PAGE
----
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SWBio DTP PhD project: Ancestral functions of genes regulated by imprinting in mammals

Department of Biology & Biochemistry

About the Project

This project is one of a number that are in competition for funding from the South West Biosciences Doctoral Training Partnership (SWBio DTP) https://www.swbio.ac.uk/.

The DTP offers an interdisciplinary research training programme delivered by a consortium comprising the Universities of Bath, Bristol and Exeter, Cardiff University and Rothamsted Research, alongside six regional associate partners: Marine Biological Association, Plymouth Marine Laboratory, Swansea University, UCB Pharma, University of the West of England and SETsquared Bristol.

All SWBio DTP projects will follow a structured 4-year PhD model, combining traditional project-focussed studies with a taught first year which includes directed rotation projects.

+++ Studentships are available for entry in October 2021 - please see the ’Funding Notes’ below and https://www.swbio.ac.uk/programme/eligibility/ for information on eligibility +++


Lead supervisor: Prof Andrew Ward, University of Bath, Department of Biology & Biochemistry, , https://researchportal.bath.ac.uk/en/persons/andrew-ward
Co-supervisors: Prof Robert Kelsh and Prof Laurence Hurst, University of Bath


Around 100 mammalian genes are subject to regulation by genomic imprinting such that only one of the two parental alleles is expressed. This form of epigenetic regulation is unique to mammals and the evolution of imprinting has been hotly debated since its discovery around 30 years ago. The most widely accepted evolutionary theory for imprinting predicts a critical role for imprinted genes in regulating growth during development. However, while it is clear some imprinted genes are important regulators of growth, there are many with other functions. Much of what we know about imprinted genes comes from mouse genetic studies and relatively little is known about the functions of the analogous genes in animal species in which imprinting does not exist. For each gene with imprinted expression in mammals this project will identify orthologues in nonmammalian vertebrate and invertebrate species. By comparing gene function in different species, the aim is to test the hypothesis that imprinting first evolved to act on genes with established roles in growth regulation. Alternative hypotheses will be considered.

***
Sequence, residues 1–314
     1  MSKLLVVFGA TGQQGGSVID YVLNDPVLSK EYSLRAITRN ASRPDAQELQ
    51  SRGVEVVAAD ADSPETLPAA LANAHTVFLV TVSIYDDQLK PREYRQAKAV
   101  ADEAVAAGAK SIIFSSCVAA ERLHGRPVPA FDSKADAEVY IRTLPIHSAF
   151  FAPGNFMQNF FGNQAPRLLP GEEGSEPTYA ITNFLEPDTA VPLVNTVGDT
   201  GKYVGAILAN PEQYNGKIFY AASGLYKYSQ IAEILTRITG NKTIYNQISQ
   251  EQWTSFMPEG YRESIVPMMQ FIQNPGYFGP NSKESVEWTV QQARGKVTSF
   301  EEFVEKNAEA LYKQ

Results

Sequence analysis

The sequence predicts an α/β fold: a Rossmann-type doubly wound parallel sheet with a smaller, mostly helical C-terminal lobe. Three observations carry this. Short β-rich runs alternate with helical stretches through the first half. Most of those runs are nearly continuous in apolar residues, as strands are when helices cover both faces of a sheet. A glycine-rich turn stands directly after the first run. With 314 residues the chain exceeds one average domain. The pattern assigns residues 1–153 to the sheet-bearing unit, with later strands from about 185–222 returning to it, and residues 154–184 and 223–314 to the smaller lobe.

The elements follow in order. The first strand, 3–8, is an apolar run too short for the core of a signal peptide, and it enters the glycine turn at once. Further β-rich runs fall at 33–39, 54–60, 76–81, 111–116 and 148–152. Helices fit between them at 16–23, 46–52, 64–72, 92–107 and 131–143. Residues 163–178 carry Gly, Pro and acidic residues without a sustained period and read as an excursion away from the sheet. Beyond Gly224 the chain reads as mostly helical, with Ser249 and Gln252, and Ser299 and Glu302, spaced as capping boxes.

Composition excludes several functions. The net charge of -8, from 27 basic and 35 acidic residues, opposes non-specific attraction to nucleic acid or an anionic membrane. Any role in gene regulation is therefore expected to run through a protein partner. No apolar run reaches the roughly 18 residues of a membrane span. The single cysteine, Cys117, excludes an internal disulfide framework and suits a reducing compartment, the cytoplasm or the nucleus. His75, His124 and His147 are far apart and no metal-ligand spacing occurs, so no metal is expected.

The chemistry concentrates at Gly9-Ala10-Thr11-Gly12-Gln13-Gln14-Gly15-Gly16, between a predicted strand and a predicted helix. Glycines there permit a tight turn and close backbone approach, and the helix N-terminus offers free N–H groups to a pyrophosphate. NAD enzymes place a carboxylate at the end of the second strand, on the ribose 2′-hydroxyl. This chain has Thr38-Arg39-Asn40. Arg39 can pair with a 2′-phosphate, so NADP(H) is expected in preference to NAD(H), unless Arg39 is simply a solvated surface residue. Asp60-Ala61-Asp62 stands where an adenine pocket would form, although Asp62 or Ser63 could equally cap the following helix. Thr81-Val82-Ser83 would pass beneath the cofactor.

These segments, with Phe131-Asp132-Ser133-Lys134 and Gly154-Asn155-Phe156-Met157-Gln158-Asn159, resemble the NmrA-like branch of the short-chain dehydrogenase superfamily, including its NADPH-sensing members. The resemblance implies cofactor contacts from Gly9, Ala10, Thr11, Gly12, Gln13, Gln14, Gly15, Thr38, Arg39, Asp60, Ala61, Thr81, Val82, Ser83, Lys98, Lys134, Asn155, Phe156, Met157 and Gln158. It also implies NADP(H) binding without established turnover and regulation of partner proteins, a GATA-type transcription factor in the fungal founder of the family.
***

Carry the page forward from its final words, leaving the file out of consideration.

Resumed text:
The PhD project will combine two main approaches to be carried out in parallel: First, through careful evaluation of the literature and genome databases, evidence of gene function in both mammalian and non-mammalian species will be gathered and evaluated. It is anticipated that functional information from studies of non-mammalian models will be scarce relative to a wealth of information for mammalian genes, particularly from mouse genetic studies. This exercise will go some way to addressing the hypothesis, and will identify a short-list of imprinted gene orthologues for functional testing in zebrafish. The second approach will involve genetic testing of gene function in zebrafish and will begin with zebrafish orthologues of Grb10, which is expressed from the maternally-inherited allele in mouse and is an important regulator of fetal growth. Mutant grb10 zebrafish strains are available and will be used to identify whether growth regulation, or other functions known from mouse genetic studies, are conserved in fish. This will involve studying morphology, histology and physiology of developing zebrafish. Additionally, the molecular phenotype will be addressed using antibody staining and mRNA in situ hybridisation to assess expression of marker genes and through the generation of an RNA-seq data set. The student will acquire both ‘wet-lab’ techniques in embryology, in vivo imaging, molecular biology, and a range of bioinformatic skills.